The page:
Kolkata: This World Tourism Day, jive to the spirited steps and energetic beats of the traditional Chhau dance – Indian tribal martial dance – learn the nuances of its choreography at a workshop here and appreciate the significance of such heritage art forms that are struggling to survive today.
The workshop will be conducted Saturday at the Victoria Memorial Hall here on the occasion of World Tourism Day (WTD).
According to the United Nations website, this year’s WTD focuses on “tourism and community development” and “draws special attention to the role of tourism in contributing to one of the building blocks of a more sustainable future for all, community development”.
The Hall, an iconic edifice of the city, drew more than 33 lakh tourists last year. And being a top tourist destination, it has joined hands with an NGO, banglanatak.com, to celebrate and showcase dying arts and craft of rural West Bengal and highlight how these folk arts can add to livelihoods.
“This year we are expecting the tourist numbers will go up by five percent than the previous year. Since the Hall is a museum, art gallery as well as a tourism destination, we are conducting workshops on traditional art forms,” Shakil Ahmed, administrative officer, Victoria Memorial Hall said.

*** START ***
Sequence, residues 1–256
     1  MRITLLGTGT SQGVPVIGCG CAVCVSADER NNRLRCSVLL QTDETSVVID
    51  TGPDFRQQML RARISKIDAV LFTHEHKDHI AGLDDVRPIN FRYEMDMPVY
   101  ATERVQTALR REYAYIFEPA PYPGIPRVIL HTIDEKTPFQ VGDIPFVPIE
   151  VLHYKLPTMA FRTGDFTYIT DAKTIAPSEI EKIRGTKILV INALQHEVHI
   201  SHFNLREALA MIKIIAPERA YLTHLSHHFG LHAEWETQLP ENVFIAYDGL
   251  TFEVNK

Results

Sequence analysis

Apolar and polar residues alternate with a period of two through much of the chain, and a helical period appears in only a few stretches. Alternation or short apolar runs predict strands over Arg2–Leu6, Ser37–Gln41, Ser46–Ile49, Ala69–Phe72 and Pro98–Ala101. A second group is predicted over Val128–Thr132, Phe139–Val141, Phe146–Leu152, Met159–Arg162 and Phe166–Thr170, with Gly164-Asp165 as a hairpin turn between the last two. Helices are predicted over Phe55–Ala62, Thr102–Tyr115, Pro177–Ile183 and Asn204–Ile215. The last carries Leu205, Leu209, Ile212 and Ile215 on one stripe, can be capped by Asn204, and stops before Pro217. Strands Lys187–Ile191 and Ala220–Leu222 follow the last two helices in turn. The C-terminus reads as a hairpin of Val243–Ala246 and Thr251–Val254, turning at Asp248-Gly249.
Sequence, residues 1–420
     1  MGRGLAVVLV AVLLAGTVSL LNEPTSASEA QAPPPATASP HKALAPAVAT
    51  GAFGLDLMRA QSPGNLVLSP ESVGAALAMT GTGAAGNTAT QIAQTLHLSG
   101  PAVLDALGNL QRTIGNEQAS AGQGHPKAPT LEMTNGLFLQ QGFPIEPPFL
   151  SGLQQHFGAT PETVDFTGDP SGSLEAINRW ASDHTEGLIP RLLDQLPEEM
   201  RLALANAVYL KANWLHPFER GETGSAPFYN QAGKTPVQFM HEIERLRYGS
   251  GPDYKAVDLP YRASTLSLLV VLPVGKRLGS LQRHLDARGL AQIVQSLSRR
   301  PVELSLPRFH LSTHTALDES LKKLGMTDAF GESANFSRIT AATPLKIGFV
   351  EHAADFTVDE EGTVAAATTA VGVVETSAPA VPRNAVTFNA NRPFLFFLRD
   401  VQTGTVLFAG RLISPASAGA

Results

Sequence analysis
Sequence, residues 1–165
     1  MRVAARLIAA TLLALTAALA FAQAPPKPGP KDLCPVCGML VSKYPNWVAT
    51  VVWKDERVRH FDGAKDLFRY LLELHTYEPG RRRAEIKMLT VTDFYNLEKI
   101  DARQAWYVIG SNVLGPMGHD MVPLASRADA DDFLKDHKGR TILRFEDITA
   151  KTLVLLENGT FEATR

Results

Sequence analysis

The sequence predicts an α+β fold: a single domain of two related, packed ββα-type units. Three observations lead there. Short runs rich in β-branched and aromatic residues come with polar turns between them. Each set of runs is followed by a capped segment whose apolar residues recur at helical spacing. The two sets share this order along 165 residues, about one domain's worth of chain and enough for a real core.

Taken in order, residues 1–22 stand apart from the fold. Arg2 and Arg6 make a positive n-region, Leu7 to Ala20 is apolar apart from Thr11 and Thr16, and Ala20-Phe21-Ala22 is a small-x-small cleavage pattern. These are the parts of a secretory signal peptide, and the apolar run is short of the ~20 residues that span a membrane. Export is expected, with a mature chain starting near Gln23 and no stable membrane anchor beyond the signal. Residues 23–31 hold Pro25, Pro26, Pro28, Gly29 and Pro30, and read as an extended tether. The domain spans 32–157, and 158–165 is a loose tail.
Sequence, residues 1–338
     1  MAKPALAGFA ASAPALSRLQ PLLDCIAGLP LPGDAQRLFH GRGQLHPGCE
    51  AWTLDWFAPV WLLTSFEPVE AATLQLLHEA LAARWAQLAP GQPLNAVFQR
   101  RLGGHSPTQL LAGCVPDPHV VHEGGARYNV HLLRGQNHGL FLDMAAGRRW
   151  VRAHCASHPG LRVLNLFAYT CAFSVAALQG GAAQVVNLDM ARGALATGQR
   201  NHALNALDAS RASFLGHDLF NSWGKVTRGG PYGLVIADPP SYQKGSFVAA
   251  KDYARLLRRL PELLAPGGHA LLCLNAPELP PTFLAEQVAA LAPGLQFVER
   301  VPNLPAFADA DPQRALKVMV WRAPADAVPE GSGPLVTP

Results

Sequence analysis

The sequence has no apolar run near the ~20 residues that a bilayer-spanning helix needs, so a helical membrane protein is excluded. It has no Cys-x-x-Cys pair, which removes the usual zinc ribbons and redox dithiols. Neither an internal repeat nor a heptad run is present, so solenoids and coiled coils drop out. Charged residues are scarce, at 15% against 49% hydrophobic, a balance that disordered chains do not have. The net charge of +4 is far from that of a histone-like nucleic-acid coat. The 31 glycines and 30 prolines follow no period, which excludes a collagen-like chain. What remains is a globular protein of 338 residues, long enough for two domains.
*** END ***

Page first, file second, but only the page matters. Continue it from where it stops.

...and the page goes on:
“In the Chhau dance workshop, for example, Chhau dancers from Bengal’s Purulia district will teach people about its origin and the choreography,” he said.
Explaining the significance of community-led tourism for rural art and craft hubs, Sayantani Raychaudhuri, general manager, banglanatak.com (that promotes rural art and crafts hub) said the “niche” sector allows communities to lead their own tourism and develop pride in their tradition.
“On the other hand, for tourists seeking the authentic experience these hubs serve their purpose. It generates revenue for the craftsmen and helps to revive the dying form as well, provided the tourism is led by the community,” Raychaudhuri said.
In fact, she pointed out, the more one promotes these community-led ventures, the greater is the inflow of tourists.
“If you take Pingla village in West Midnapore, it was called the beggars’ village four to five years ago because of the dire conditions of the local Potochitro (scroll paintings) artists. Now, its a turn around. From 12 artists, the number has swelled to 500 with visitors coming round the year,” Raychaudhuri said.
At the day-long celebration Saturday, interested visitors can watch artisans working on Potochitro paintings, wooden dolls (from Burdwan district), Sital pati (mats fabricated from murta plants in Coochbehar), use of water hyacinth (kachuripana) and dokra (metal casting) products.
Also, there would be demonstrations on folk music cultures like baul and fakiri (wandering musicians).